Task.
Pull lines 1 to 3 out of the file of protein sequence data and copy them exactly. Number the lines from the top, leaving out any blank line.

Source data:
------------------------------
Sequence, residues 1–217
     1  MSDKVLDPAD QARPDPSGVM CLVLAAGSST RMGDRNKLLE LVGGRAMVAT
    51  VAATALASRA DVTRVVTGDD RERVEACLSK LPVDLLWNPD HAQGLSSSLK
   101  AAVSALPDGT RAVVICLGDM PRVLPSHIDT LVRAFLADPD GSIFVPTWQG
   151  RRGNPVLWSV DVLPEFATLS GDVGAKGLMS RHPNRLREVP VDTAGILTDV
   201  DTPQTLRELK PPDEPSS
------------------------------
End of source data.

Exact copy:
Sequence, residues 1–217
     1  MSDKVLDPAD QARPDPSGVM CLVLAAGSST RMGDRNKLLE LVGGRAMVAT
    51  VAATALASRA DVTRVVTGDD RERVEACLSK LPVDLLWNPD HAQGLSSSLK